What Does It Mean for an AI to Write a Novel?
This Week on the So Many Damn Books Podcast
Eugene Lim stops by the Damn Library to discuss his novel Search History, which sends the conversation careening from AI to authenticity to writing theatrically to songwriting to rainy day ideas, and that spiral leads (as it often does) to discussing César Aira and his work, particularly Conversations. Listen up!
What’d you buy?
Drew: Brian Evenson x 4! The Open Curtain // Last Days // Father of Lies // A Collapse of Horses
Christopher: Camera Man by Dana Stevens
Eugene: O.B.B. by Paolo Javier
Drew: If A Leaf Falls press // the live-action Cowboy Bebop
Christopher: Christmas: A Biography by Judith Flanders
Eugene: Telephone by Percival Everett
From the episode:
Christopher: I was questioning whether or not a novel is your preferred term for what this is or would you have rather come up with your own in Search History—people sometimes change their colon designation, their subtitle. So I was I was curious if that’s fitting for you, if you feel like, “yes, I’ve written a novel—it’s it’s a novel that sits on the same shelf as all other novels.”
Eugene: Yeah, well, I think if you write things that are in the category of experimental fiction, you’re often neither fish nor fowl. Most cases I like it being called a novel because then people can understand what it is or people can put it in the general ballpark. I ran a small press called Eclipse’s Press, and we haven’t for a long time because I haven’t gotten around yet, but we have submissions in the past. And one thing I would say is that we like novels that are weird but don’t necessarily look so better than those that novels that look weird, but actually quite normal.
It’s kind of nice to have like there are things that are very transgressive or formerly they look like they’re unfamiliar or they’re de familiarizing. But when you get to them, a lot of the things are maybe more familiar and maybe more—hackney is a little too strong—but maybe it’s it’s less vibrantly out there than you would have expected. So I like the ones and I like people who actually come at you normally-looking and then you’d talk to him for a while or you read a book for a while and you’re like “oh, this is actually quite strange and quite it’s take me someplace where I wasn’t expecting.” I really like that.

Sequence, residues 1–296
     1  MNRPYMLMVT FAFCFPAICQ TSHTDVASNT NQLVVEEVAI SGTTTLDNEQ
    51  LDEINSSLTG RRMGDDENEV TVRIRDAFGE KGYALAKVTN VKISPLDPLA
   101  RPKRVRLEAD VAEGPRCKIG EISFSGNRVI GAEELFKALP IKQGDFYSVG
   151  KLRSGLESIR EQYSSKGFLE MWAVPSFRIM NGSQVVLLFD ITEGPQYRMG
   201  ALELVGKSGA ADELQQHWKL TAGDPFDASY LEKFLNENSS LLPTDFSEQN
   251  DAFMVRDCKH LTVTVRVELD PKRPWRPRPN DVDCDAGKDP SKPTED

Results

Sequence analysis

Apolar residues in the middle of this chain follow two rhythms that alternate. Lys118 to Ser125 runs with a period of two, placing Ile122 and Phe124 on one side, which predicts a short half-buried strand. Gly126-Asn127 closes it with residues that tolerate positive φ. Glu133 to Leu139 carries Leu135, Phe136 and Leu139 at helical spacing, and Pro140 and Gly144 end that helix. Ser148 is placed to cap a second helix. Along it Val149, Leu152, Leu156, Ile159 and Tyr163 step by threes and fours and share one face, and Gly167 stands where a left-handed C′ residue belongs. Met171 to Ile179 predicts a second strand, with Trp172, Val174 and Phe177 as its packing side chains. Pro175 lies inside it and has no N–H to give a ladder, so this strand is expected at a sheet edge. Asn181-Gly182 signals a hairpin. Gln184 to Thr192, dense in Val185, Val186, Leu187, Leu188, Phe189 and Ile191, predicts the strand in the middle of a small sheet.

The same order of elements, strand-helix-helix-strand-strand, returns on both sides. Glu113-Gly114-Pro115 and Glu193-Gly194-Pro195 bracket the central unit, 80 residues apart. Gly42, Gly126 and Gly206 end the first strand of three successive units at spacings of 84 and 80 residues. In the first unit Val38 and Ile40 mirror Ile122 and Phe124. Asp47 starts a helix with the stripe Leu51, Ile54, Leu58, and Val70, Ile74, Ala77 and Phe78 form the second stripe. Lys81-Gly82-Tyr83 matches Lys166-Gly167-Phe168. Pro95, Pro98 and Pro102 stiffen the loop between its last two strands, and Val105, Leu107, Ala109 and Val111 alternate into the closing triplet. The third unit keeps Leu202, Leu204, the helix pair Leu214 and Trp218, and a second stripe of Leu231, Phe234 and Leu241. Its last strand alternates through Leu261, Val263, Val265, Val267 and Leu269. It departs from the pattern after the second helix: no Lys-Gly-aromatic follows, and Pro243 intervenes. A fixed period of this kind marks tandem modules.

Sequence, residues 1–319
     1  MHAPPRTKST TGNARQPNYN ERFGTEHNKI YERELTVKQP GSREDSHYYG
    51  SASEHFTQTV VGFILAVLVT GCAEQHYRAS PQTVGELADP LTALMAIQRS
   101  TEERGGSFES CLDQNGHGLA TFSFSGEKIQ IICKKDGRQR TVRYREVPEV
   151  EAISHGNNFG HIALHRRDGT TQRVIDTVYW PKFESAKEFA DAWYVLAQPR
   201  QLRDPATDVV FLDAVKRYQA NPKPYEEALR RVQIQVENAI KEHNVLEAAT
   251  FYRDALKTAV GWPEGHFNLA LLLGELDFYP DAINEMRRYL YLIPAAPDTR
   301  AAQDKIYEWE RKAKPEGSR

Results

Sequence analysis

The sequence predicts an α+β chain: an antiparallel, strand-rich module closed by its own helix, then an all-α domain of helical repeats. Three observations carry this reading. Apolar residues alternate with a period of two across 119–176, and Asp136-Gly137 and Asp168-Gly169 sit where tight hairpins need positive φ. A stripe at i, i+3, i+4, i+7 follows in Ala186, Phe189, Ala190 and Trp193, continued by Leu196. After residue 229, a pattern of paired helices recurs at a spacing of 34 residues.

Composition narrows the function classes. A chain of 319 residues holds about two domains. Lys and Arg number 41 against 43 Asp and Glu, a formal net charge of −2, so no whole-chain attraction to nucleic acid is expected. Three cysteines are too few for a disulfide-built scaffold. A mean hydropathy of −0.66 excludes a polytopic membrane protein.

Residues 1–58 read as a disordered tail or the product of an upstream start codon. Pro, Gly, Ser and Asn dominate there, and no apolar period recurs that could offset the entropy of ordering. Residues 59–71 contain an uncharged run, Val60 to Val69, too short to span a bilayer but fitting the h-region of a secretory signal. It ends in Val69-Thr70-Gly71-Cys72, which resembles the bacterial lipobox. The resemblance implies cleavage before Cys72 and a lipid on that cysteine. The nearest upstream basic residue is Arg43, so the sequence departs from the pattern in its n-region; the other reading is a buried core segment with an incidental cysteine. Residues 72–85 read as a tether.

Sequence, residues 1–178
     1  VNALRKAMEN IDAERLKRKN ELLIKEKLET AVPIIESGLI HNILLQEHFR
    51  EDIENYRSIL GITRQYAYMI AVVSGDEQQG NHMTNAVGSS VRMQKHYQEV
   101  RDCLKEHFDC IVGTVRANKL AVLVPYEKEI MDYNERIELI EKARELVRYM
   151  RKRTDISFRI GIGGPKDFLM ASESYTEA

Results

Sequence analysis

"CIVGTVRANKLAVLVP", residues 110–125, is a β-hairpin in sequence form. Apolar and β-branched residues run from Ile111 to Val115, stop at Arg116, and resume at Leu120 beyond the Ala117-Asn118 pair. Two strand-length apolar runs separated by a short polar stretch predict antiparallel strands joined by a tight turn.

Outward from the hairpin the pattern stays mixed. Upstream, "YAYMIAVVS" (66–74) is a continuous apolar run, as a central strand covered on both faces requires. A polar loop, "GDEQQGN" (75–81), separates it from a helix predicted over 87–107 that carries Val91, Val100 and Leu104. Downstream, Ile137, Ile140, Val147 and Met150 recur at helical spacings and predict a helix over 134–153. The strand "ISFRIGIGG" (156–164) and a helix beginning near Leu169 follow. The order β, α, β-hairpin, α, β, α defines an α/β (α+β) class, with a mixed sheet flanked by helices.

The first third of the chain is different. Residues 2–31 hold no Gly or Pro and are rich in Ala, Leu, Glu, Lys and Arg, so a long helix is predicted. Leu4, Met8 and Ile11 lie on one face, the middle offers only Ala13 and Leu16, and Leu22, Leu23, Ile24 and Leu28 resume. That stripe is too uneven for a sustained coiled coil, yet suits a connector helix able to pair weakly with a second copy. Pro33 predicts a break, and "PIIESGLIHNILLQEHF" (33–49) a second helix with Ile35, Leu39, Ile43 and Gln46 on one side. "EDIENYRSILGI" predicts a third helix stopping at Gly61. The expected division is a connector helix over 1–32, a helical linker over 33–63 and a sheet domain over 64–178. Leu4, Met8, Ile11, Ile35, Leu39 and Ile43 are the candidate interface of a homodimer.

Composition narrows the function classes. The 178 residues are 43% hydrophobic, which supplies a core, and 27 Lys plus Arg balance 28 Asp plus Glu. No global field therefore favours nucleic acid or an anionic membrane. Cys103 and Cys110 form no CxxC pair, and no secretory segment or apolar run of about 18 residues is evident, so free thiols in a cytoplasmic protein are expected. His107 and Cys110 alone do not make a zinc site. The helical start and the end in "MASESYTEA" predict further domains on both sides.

Drew: Speaker 3: It feels right for this book too. I think about a moment in Dear Cyborgs that I has endeared me to you forever. And it’s like they’re talking about, I forget exactly what they’re talking about—they’re like trudging through the snow on the way to a super villain’s lair and just that sort of like very absurd comic book, huge thin, and that moment for me sticks because it is that it’s like, “Oh, OK, it’s a novel.” And then I’m like, “this is not like any novel I have ever read.”
And there’s a sort of ongoing underlying thing in Search History, and as we talk about novels that present themselves more or less normally at first and then sort of get weird versus the novel that’s weird up front—I feel like right now all of the attempts at AI writing are pretty weird up front. But there is this, I don’t know if you both feel this fear, this worry, this question of like, will AI ever be able to write a novel? And that’s a huge thing in this book. And I guess the question is, do you? Do you worry about that, do you think that AI will ever be able to not only pull off like traditional literary fiction, but sort of this more tactile thing that we’re talking about?
Eugene: It’s a question that I’m not, even though the book worries about it, I think what the book is actually worrying about is this inflation-confusion that seems to be right upon us, that is hard for us to even comprehend where the machine and the human are becoming confused and conflated. So the epigraph of the book is friendly with saying “the book is the closest thing to a human being,” and I think we understand how that’s true. you hold a book, you love a book, a writer will say, “I put all of myself on that in that book.” A reader will say, “I hold the writer in my hands,” so you can see how somehow a book spiritually embodies a human being.
These latest AI that are working on this natural language processing stuff, they are being fed the internet, they’re being fed all of our speech and the future ones will be probably fed this conversation. I heard as AI scientists joke like this will be will be fed into this machine in the future. If that’s the case, you put those two thoughts together, a book is the closest thing to a human being, these machines have eaten all of our speech—at some point the which is which is containing more of our humanity? There is a little bit of that as a possibility. I don’t know if this particular structure will be able to do it, but I think that’s an that’s an interesting question: what will that machine, who has all of our thoughts in it, when they spit something out, woll it spit something that will be very human or will be will be moving or and where we would get this energy that is moving us?
So I think that’s an interesting question. I think it’s not that far in the future in some ways, whether we read a book in our lifetimes that we, that a computer writes, and we go and it’s great book. I don’t know if that’s true. But I think that but that whatever is happening with AI’s development right now is i going to have a huge impact on—is having and will have a huge impact. And it’s just like the internet had a huge impact on us. So I think it’s ongoing and revolutionary and also insidious, and we’re inside of it, so it’s hard to see it.